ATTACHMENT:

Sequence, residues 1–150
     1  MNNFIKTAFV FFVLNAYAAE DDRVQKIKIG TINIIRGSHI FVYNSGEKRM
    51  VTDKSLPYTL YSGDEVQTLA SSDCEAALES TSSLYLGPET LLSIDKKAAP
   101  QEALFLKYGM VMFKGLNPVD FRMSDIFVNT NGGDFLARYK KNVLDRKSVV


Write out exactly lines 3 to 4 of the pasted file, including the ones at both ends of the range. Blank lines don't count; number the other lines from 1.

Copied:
    51  VTDKSLPYTL YSGDEVQTLA SSDCEAALES TSSLYLGPET LLSIDKKAAP
   101  QEALFLKYGM VMFKGLNPVD FRMSDIFVNT NGGDFLARYK KNVLDRKSVV